Next to intensive planting, trellising represents the most efficient way to use space in the garden. People who have tiny gardens will want to grow as many crops as possible on vertical supports, and gardeners who have a lot of space will still need to lend physical support to some of their vegetables, such as climbing varieties of peas and pole beans. Other vegetables that are commonly trellised include vining crops, such as cucumbers and tomatoes. The fence surrounding your garden may well do double-duty as a trellis, so long as the crops grown on the fence can be rotated in different years. Other kinds of vegetable supports are generally constructed from either wood or metal. However, no matter which design or materials you use, be sure to have your trellis up and in place well before the plants require its support — preferably even before you plant the crop. With some vegetables, such as tomatoes or melons, you may also have to tie the plants gently to the support, or carefully weave them through the trellis as they grow.

A continuous harvest

While there is nothing wrong with planting a garden this way, wouldn’t it be easier to plant a few seeds or transplants at a time, throughout the course of the whole growing season, rather than facing the herculean task of “getting in the garden” all at one time?

After all, a job almost always becomes easier the more you divide it up. Plan to plant something new in the garden almost every week of the season, from the first cold-hardy greens and peas in late winter or early spring, to heat-loving transplants such as tomatoes, peppers and eggplant once the weather becomes warm and settled.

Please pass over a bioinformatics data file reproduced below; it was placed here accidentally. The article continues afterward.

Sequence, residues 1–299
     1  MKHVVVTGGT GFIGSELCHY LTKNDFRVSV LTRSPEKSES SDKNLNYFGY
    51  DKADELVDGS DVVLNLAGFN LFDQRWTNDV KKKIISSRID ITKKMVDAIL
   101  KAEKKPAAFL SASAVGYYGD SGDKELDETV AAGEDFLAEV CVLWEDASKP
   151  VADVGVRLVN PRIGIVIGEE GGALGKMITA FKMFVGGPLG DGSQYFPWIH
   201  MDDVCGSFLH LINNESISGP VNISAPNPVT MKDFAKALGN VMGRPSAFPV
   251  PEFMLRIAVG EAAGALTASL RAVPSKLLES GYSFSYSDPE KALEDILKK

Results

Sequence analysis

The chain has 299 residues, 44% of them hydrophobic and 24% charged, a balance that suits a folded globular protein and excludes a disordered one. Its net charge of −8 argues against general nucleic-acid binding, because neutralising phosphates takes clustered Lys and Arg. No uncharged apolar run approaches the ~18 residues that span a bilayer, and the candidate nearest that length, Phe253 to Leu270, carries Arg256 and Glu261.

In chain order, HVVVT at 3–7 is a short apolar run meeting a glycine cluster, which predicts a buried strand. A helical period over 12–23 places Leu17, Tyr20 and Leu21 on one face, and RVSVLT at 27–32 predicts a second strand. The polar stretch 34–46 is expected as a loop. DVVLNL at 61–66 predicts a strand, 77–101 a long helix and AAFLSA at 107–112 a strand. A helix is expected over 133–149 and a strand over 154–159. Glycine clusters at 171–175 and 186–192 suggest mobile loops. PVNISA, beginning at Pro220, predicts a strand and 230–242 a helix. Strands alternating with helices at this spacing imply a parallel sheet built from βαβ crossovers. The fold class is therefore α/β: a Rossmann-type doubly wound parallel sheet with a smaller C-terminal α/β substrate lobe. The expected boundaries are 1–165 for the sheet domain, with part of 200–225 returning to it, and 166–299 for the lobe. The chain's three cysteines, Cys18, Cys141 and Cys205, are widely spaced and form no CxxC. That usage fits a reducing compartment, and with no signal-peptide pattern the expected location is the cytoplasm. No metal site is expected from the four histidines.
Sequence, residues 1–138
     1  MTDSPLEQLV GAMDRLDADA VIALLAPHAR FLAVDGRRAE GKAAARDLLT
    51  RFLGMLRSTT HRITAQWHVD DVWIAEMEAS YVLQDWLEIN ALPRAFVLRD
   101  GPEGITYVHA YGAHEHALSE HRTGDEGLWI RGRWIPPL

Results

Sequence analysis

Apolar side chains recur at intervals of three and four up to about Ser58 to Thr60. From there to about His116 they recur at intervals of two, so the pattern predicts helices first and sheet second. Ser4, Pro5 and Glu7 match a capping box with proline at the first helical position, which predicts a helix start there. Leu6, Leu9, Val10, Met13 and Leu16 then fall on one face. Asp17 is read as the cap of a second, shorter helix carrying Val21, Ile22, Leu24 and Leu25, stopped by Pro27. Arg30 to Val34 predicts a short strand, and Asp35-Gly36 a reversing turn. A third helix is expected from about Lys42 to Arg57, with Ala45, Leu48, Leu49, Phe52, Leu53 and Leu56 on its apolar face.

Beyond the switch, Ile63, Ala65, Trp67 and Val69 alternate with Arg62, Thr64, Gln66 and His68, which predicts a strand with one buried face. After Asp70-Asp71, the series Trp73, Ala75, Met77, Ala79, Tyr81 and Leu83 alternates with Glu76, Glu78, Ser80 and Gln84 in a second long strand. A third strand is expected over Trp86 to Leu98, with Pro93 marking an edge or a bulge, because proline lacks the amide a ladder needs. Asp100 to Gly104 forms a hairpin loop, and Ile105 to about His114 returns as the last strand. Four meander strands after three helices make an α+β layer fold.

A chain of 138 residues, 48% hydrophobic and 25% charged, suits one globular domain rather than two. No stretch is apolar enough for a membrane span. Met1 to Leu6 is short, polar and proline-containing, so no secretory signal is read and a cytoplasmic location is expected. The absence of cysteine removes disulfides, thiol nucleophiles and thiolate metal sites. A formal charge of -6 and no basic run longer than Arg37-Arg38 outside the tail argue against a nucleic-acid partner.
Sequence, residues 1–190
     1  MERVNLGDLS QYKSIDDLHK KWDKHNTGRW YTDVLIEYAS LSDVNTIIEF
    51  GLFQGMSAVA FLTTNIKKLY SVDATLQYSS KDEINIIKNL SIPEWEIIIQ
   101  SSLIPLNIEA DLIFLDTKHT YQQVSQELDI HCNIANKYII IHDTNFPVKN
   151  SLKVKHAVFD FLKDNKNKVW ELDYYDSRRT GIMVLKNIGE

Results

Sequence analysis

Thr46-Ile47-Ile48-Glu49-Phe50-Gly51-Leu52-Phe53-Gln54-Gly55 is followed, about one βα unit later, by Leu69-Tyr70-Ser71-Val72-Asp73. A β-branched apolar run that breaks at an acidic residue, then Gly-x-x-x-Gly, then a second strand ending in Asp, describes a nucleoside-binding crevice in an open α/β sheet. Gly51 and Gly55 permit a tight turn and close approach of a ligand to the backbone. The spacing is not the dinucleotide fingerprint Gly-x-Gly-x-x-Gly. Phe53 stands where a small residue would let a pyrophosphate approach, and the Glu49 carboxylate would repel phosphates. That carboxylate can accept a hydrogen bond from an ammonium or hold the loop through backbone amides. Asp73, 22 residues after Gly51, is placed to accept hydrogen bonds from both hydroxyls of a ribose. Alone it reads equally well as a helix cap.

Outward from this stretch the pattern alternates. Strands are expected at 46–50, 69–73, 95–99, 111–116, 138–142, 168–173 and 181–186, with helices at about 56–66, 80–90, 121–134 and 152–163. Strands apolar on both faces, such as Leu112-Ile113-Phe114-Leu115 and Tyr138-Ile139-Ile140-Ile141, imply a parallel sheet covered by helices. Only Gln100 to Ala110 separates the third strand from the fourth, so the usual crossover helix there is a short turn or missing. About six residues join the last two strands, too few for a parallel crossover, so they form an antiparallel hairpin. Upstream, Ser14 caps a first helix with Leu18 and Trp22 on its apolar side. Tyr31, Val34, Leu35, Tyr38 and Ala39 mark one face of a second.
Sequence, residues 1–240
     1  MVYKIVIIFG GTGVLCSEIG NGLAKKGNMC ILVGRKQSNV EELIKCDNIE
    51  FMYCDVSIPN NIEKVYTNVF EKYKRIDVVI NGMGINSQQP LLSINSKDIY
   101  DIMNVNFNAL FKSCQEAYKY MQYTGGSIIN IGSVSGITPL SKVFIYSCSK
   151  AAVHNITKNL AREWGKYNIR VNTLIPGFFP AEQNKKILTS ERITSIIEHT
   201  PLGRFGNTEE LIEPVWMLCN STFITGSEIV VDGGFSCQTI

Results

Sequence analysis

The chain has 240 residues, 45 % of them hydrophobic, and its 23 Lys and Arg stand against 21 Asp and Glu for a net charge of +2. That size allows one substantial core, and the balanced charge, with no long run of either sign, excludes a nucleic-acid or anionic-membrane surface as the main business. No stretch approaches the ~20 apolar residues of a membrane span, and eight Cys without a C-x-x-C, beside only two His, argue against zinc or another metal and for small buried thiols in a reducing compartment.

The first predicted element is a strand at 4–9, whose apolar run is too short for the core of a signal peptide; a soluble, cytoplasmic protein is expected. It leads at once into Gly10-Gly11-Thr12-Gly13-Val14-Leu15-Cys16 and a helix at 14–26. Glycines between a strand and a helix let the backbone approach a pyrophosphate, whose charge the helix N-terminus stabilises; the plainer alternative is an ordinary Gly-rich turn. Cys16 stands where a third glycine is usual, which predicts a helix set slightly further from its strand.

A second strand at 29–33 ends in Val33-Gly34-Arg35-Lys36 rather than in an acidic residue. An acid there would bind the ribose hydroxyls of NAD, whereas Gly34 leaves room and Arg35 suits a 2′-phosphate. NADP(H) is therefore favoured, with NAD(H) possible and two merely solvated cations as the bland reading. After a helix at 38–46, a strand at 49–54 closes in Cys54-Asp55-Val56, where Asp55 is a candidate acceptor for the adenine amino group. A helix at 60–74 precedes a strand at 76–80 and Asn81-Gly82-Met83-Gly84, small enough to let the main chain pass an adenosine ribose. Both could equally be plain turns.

Then start all over again, sowing frost-hardy crops from midsummer through mid-fall, depending on your climate. Keep cleaning out beds as you harvest crops to make room for new vegetables that will take their place. You can even interplant crops that grow quickly (radishes) alongside other vegetables that require a long season (carrots or parsnips), sowing their seeds together. This makes thinning out the bed easier later on, since you will have already harvested the quick-growing crop and given the long-season vegetables that remain some much-needed elbow room.

Another benefit of succession planting, of course, is that your harvest season lasts longer for every crop. This means that, instead of getting buried in snap beans or summer squash as your plants mature all at once, you can stagger plantings to ensure a steady, but more manageable supply of fresh vegetables.